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The Future of Wi-Fi. Dirk Gates Chief Executive Officer. Lessons in Networking. Wi-Fi Evolution. Wireless Market Drivers 75M Wi-Fi clients in 2006 70M hybrid phones by 2007 More business applications $2B Market in 2006. Connection Growth. Connection Growth. 100Base-T. 100Base-T.

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the future of wi fi

The Future of Wi-Fi

Dirk GatesChief Executive Officer

lessons in networking
Lessons in Networking

Wi-Fi Evolution

  • Wireless Market Drivers
    • 75M Wi-Fi clients in 2006
    • 70M hybrid phones by 2007
    • More business applications
    • $2B Market in 2006

Connection Growth

Connection Growth

100Base-T

100Base-T

802.11i

L2 Switching

L2 Switching

802.11b/a

10Base-T

10Base-T

802.11g

802.11

WLAN Array

2000

2000

2005

2010

1990

1990

1995

1995

Connectivity

Connectivity

Capacity

Capacity

  • Ethernet Evolution
  • Wi-Fi Hits Critical Inflection Point
    • Current WLAN architectures won’t support surge in demand
    • Need simple architecture to support coverage AND capacity
wi fi deployment evolution
Wi-Fi Deployment Evolution

54

1,404

162

Mbps

11

33

3 26

Non-overlapping Channels

802.11b 802.11g 802.11a

  • Deployment Recommendation
    • Deploy a multi-mode (802.11a/b/g) infrastructure
  • Increased Capacity
    • 802.11a adds 23 more channels
    • 1,242Mbps of additional capacity
  • Increased Performance
    • 802.11g better than 802.11b (but degrades in its presence)
    • 802.11a adds clean spectrum (less interference)
      • Higher overall performance
      • Range now matches 802.11g
  • Now Industry Standard
    • All leading chipset vendors are shipping multimode as standard offering*
    • By next year, nearly all enterprise class notebooks will be 802.11a/b/g capable*
    • Proposed 802.11n standard will virtually eliminate 802.11b/g
      • Channel bonding scheme in 802.11n leaves only one bonded channel in 2.4GHz

* Source: Del Oro 2004

wi fi evolution
Wi-Fi Evolution

New Client Sales

90

80

70

60

50

Millions

40

30

20

10

0

2004

2005

2006

2007

2008

2009

2010

10.17

8.39

7.40

7.04

7.22

6.52

3.04

.11b

29.43

34.33

25.47

11.91

7.46

4.89

3.81

.11b/g

16.89

33.57

52.50

66.90

71.94

68.90

63.78

.11a/b/g

.11a/b/g/n

0.00

0.00

5.93

17.69

33.65

55.52

81.48

56.49

76.30

91.30

103.53

120.26

135.83

152.11

Total

% w/ 802.11a

30%

44%

58%

65%

60%

51%

42%

New Client Shipments

  • Migration to Multi-mode
    • 2.4GHz does not support future WLAN needs
    • 802.11a client shipments surpass 802.11b/g only clients this year
    • Chipset suppliers have announced a/b/g solutions for mobile phones (designs currently in development)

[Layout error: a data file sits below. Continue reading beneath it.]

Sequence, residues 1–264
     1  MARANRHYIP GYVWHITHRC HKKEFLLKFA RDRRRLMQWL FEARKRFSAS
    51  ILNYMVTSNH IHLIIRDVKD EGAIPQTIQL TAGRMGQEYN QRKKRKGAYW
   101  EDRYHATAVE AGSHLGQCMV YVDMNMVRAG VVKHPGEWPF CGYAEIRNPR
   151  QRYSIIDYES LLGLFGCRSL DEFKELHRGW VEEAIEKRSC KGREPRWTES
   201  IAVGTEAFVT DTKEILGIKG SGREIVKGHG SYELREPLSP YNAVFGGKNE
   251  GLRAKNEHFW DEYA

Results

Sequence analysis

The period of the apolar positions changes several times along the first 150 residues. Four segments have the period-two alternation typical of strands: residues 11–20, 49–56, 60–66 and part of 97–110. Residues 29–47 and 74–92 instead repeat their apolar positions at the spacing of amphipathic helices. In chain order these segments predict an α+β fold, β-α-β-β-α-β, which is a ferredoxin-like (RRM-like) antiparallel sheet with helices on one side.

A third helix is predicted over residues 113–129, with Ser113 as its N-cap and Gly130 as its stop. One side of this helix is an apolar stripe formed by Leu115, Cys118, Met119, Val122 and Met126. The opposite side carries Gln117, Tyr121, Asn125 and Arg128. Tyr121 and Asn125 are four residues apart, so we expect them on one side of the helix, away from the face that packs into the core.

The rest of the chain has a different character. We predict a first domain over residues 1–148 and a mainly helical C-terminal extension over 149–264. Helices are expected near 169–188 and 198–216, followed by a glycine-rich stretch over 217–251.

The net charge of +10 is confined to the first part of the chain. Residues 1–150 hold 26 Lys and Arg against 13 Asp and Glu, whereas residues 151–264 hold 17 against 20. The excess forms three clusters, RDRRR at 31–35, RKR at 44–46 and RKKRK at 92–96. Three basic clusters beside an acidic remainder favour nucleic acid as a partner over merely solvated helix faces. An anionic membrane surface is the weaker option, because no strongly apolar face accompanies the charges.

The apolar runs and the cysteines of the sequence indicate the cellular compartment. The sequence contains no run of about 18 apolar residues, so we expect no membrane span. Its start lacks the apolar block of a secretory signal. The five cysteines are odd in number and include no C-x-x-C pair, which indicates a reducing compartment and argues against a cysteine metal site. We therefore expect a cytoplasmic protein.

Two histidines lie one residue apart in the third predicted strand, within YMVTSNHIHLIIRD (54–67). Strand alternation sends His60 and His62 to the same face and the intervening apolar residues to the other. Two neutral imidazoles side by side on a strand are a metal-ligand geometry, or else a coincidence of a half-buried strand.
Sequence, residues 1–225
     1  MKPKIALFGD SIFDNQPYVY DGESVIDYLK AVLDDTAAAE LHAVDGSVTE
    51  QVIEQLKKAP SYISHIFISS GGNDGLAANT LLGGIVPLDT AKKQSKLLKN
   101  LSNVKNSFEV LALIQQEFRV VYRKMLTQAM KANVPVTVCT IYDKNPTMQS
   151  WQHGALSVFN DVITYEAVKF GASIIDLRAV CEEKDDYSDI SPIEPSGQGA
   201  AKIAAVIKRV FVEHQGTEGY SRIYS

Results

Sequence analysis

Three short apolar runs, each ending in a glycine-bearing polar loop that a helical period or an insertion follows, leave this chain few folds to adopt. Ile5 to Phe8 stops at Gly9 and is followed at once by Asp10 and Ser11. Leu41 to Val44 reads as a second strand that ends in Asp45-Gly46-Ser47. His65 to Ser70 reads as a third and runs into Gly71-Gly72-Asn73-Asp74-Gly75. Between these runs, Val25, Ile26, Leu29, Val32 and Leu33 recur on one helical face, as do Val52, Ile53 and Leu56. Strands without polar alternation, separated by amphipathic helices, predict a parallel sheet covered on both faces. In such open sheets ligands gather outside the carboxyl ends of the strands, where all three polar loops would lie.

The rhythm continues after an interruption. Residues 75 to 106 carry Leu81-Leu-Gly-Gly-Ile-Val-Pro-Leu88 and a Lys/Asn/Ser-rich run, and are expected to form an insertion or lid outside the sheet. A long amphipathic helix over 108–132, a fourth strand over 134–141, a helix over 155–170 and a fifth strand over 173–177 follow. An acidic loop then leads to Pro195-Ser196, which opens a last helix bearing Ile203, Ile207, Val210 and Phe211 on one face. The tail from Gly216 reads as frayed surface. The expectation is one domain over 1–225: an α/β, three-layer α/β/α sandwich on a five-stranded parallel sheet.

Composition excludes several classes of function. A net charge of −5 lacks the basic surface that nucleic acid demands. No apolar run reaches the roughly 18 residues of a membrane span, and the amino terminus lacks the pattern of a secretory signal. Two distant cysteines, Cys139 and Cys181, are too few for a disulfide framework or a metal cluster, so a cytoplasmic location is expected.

• Other Data Points
    • Chip makers driving a/b/g adoption
      • Less interference
      • Huge push beginning 2005
    • 50M+ a/b/g chips forecast in 2006
    • Price delta b/g vs. a/b/g < $6
deploy for voice and data
Deploy for Voice and Data
  • Design for Capacity – Not Just Coverage
    • Over provision for wireless (same as for wired)
    • Use all available 802.11a/b/g channels simultaneously
    • Reuse channels as often as possible
    • Deploy for 54Mbps everywhere
    • Keep cell sizes small
    • Minimize simultaneous users per cell
  • Optimize for Voice
    • Fewer users at higher data rates = less contention/latency
    • Small cells & higher rates = lower Tx power & faster Tx time = longer battery life
    • Insist on standards-based QoS (802.11e / WMM)
    • Use VLANs and SSIDs to map wired VoIP to VoWLAN
    • Minimize roaming domains through WLAN switching
  • Build a Wi-Fi Network to do more than ONE THING!
current architecture suitability for voice and data
Current Architecture Suitability for Voice and Data
  • Traditional “Fat” Access Point Deployments
    • Too many devices
    • Expensive to deploy
    • Hard to manage
    • Poor roaming capabilities
  • “Thin” Access Points + “WLAN Switch” Infrastructure
    • Even more devices and equipment
    • Still hard to deploy
    • More Expensive
    • Easier to manage
    • Does not scale
    • Better roaming
current architectures
Current Architectures

Current Architecture Suitability for Voice and Data

  • Proprietary TDMA-based Products
    • Multiple Access Points - Single Channel and BSSID
    • Creates a single, large collision domain
    • Transparent roaming at the expense of capacity
    • Lowest capacity architecture for data
    • Does not work well with standard APs
  • Integrated High Count Radio Solutions
    • Switch + Multiple Integrated Access Points
    • Operates on all available channels
    • Fewer devices to deploy and manage
    • Sectorized coverage best for channel reuse
    • Stations roam less
    • Ideal for voice – lowest latency
    • Best architecture for both voice and data
    • Best TCO
summary
Summary
  • Those who do not learn from history are doomed to repeat it.
  • Coverage is so 90’s – it’s all about capacity.
  • Get thee to 5GHz.
  • Voice is coming – be prepared.
  • Don’t ride a one trick pony.
thank you

Thank You

Dirk Gates

Chief Executive Officer

[email protected]

www.xirrus.com

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